“Canoe Song,” was what inspired the album’s name, ending with the band chanting the lyrics “Follow My Lead, Lead Me To Follow” into their mics. “It’s just a theme that’s been recurring in our lives over and over again. The way we live and interact with each other, and the way things happen in general,” Loewens said. Loewens introduced the fiddle player to the audience, Jacques Mindreau, who has only been with the band for a couple of weeks. Throughout the set, Mindreau’s frantic wrist looked separated from his still arm poised in the air. He was serious and concentrated while his bow flew back and forth in front of his face. In between songs, the members spoke amongst themselves and asked for any questions from the audience. “We look like brothers,” said Loewens. He and Mindreau were both wearing white t-shirts, brown suspendersandbeards.Mindreadidn’tcrackasmile. “Jacques doesn’t think that’s very funny apparently,” said Loewens, the crowd laughing. “Jacques been playing with us for two weeks and he knows about 25 of our songs and we know one of his.” Mindreauledthebandintohiscompositioncalled “Merlin’s dance.” He sang classically and his deep voice spoke another language. His sound caught the audience off guard and they began to prepare for a slow ballad, until he put his fiddle back on his shoulder and yelps were made from the audience on the off-beats. “I feel like I’m at a Jewish wedding,” a woman said, arms tossed in the air.

Being spooky last minute

Emma Chapple The Aquinian

Just because Halloween is on Wednesday, doesn’t mean you still can’t pull together a costume on the fly. Assembling a last minute look can be easy, as long as you have an

open mind and a little imagination. For those who find themselves in such a predicament, here are some dos and don’ts to steer you in the right direction. Do try to use items from your own closet. Remember, unless your best friend’s birthday party has a dressup theme, you’re only going to wear your costume for a few hours. There’s no need to spend a lot of money. For the girls, leggings or tights are costume essentials. And guys, with a few extras, and the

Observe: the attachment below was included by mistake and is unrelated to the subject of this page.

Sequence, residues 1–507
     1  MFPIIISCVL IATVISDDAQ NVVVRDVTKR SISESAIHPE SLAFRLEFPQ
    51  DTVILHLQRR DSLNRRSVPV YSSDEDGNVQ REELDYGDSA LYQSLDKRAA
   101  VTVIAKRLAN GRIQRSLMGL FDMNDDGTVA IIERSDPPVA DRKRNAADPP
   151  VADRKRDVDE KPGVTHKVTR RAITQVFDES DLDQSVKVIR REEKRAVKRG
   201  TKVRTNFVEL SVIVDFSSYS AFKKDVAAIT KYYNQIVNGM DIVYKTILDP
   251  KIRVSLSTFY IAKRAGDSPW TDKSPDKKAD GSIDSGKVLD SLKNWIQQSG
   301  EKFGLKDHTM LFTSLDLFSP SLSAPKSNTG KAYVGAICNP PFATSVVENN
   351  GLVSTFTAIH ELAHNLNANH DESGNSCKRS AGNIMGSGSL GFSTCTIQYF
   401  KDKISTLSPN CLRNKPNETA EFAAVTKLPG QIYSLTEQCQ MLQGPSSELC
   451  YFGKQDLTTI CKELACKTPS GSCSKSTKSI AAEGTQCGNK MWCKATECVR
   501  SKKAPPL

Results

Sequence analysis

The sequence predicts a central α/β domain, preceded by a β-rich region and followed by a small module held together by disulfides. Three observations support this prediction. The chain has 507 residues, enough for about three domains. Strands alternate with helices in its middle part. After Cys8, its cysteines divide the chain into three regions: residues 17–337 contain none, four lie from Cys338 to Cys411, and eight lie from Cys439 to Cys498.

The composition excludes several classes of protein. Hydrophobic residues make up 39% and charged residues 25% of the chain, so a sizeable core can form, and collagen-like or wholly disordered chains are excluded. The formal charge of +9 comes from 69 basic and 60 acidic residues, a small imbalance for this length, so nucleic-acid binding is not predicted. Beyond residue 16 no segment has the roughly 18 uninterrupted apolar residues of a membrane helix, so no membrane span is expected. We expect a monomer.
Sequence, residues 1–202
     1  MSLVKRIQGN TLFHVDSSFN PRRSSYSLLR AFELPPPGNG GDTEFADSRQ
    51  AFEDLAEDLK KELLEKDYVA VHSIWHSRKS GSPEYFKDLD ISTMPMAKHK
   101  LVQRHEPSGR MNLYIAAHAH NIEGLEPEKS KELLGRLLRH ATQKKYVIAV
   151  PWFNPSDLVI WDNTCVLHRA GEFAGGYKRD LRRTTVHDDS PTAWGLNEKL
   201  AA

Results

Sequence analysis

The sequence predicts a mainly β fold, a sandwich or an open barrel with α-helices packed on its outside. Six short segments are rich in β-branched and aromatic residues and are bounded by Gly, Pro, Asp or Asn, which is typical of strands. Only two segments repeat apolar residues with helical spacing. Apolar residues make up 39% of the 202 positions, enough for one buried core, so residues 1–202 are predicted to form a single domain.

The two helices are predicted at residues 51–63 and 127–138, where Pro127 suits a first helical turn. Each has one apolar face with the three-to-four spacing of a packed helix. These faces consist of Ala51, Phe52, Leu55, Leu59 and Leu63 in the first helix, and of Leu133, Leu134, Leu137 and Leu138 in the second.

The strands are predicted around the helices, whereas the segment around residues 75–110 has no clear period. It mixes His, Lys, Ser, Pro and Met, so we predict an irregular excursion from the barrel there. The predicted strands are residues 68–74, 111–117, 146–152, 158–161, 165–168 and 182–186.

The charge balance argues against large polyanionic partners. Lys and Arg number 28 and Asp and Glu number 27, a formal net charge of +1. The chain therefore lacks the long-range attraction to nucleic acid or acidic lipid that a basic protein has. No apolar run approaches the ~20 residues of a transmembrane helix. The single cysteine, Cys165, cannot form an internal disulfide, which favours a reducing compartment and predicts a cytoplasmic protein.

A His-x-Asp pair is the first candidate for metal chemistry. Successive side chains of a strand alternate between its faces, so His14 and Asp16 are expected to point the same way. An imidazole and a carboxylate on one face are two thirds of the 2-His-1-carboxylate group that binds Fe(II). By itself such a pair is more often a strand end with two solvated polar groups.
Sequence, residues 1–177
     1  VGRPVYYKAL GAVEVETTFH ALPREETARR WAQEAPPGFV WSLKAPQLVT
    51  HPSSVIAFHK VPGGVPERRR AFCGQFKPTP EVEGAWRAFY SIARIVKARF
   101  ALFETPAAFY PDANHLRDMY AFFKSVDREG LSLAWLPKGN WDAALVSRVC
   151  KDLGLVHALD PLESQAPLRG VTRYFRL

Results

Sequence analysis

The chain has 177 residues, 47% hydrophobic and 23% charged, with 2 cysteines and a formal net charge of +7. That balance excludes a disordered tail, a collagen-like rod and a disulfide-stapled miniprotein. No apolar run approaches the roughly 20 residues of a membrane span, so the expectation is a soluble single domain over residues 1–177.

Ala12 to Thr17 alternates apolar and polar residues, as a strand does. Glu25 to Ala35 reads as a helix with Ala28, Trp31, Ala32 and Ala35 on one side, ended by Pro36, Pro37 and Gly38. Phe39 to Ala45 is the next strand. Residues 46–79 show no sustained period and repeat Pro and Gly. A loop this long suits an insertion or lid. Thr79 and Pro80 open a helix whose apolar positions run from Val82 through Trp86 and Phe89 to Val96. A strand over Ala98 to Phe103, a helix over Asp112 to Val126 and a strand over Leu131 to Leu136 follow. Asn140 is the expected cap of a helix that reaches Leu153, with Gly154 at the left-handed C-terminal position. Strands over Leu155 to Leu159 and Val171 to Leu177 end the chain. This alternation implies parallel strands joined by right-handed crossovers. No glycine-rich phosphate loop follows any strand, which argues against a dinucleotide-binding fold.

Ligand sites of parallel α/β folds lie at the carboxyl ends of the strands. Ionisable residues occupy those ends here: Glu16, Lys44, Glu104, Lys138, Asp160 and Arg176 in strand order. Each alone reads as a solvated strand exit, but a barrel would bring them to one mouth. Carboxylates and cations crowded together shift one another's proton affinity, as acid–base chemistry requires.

Using different languages and instruments, TMO connects with the crowd (Cara Smith/AQ)

right beard, a plaid shirt can equal a perfect lumberjack. Do think it through. Just because your costume is last minute, doesn’t mean it can’t be cool and different. If you’re really pressed for ideas, search the internet for some. Pinterest and Polyvore are both great websites when you’re in need of a little inspiration. Do get creative! Simply throwing a pair of animal ears on your head does not make a Halloween costume. Make a quick trip to Fabricville! Patterned fabrics are an easy way to add extra accessories

to your look. Think scarves, head ties, or arm bands – leopard print for a cat, camouflage for a soldier, whatever you think will add to your disguise. Don’t forget the details. A few small additions here and there can completely change a costume. One year for Halloween, I was just going to wear a simple black dress and mouse ears. But then I had an idea! All I had to do was get some rhinestones and stick a backwards ‘K’ on my chest, and suddenly, I was Karen Smith from Mean Girls! Little details can take a costume

from completely boring to totally original. Don’t be trashy. Girls, dressing up as a “slut” probably isn’t the best, or most creative, costume choice. There are some people who see Halloween as just an excuse to wear the tiniest, skimpiest thing they own. That might work in the movies, but did you ever think about who might see your photos? There are still ways to be sexy without looking like the town harlot. The rule I try to go by is if my costume is tight, then it shouldn’t be short, and vice versa.

Vol77 issue 7, Oct. 30, 2012  
Advertisement